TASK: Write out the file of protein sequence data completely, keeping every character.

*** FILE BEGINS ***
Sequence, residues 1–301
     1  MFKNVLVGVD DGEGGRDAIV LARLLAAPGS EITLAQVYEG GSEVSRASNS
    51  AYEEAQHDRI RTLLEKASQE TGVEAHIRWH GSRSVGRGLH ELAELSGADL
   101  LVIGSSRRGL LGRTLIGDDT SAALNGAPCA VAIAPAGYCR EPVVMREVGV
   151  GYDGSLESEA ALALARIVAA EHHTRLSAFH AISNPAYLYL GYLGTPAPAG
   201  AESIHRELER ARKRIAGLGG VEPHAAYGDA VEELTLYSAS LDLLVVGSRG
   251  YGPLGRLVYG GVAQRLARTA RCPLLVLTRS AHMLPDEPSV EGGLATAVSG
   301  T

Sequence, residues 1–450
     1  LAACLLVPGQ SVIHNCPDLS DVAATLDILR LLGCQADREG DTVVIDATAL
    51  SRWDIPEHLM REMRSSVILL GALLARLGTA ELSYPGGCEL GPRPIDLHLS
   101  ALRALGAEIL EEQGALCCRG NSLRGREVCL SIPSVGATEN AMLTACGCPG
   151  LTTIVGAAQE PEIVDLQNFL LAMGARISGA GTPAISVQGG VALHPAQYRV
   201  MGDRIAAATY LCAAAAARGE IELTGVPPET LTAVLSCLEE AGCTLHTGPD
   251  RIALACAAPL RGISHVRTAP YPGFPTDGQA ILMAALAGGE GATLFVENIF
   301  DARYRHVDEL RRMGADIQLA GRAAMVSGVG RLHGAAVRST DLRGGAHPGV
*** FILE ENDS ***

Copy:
Sequence, residues 1–301
     1  MFKNVLVGVD DGEGGRDAIV LARLLAAPGS EITLAQVYEG GSEVSRASNS
    51  AYEEAQHDRI RTLLEKASQE TGVEAHIRWH GSRSVGRGLH ELAELSGADL
   101  LVIGSSRRGL LGRTLIGDDT SAALNGAPCA VAIAPAGYCR EPVVMREVGV
   151  GYDGSLESEA ALALARIVAA EHHTRLSAFH AISNPAYLYL GYLGTPAPAG
   201  AESIHRELER ARKRIAGLGG VEPHAAYGDA VEELTLYSAS LDLLVVGSRG
   251  YGPLGRLVYG GVAQRLARTA RCPLLVLTRS AHMLPDEPSV EGGLATAVSG
   301  T

Sequence, residues 1–450
     1  LAACLLVPGQ SVIHNCPDLS DVAATLDILR LLGCQADREG DTVVIDATAL
    51  SRWDIPEHLM REMRSSVILL GALLARLGTA ELSYPGGCEL GPRPIDLHLS
   101  ALRALGAEIL EEQGALCCRG NSLRGREVCL SIPSVGATEN AMLTACGCPG
   151  LTTIVGAAQE PEIVDLQNFL LAMGARISGA GTPAISVQGG VALHPAQYRV
   201  MGDRIAAATY LCAAAAARGE IELTGVPPET LTAVLSCLEE AGCTLHTGPD
   251  RIALACAAPL RGISHVRTAP YPGFPTDGQA ILMAALAGGE GATLFVENIF
   301  DARYRHVDEL RRMGADIQLA GRAAMVSGVG RLHGAAVRST DLRGGAHPGV